has always been regarded as something so base and defiling as to be dealt with only in veiled terms. Latin was the medium of expression used in common-law indictments charging sodomy, and ancient and modern precedents are in accord that such indictments and informations need not be cast in particular terms descriptive of the act committed.63

The Court then noted that the defendant could have been prosecuted for "his revolting acts" under the lewdness act, but lamented that the penalty for it was less severe than for sodomy.64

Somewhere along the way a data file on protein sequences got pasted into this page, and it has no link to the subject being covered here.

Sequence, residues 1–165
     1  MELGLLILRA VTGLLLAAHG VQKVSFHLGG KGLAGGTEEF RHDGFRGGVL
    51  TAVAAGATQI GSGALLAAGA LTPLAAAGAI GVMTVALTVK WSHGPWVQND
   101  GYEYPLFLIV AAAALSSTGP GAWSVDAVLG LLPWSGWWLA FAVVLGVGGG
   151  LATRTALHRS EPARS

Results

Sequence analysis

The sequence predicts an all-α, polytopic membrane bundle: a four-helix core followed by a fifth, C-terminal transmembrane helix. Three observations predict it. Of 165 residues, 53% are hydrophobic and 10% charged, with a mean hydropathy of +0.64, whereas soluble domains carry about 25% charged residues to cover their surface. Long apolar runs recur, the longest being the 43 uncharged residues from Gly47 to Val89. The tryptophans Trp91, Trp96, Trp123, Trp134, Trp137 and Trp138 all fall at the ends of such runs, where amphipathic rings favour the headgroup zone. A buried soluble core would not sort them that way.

In the 1957 case of State v. Sinnott,65 the New Jersey Supreme Court divided 6-1 to uphold the conviction of a school janitor for sodomy with several teenage males. The Court decided that the defendant had a "right" to state his marital and parental status, but found that Sinnott’s "right" had been recognized in the trial.66 The Court also found that the prosecutor’s summation, including Biblical references, was "within the bounds of fairness[.]"67 The Court also sustained the trial court’s exclusion of the expert testimony of a psychiatrist who had interviewed Sinnott while he was under the effects of sodium pentothal. The psychiatrist’s conclusions were that Sinnott was "not a sex deviate" and that he "did not have the capacity to commit sodomy."68 Because the interview occurred on the defendant’s own, it was labeled as "hearsay" and, therefore, as excludable.69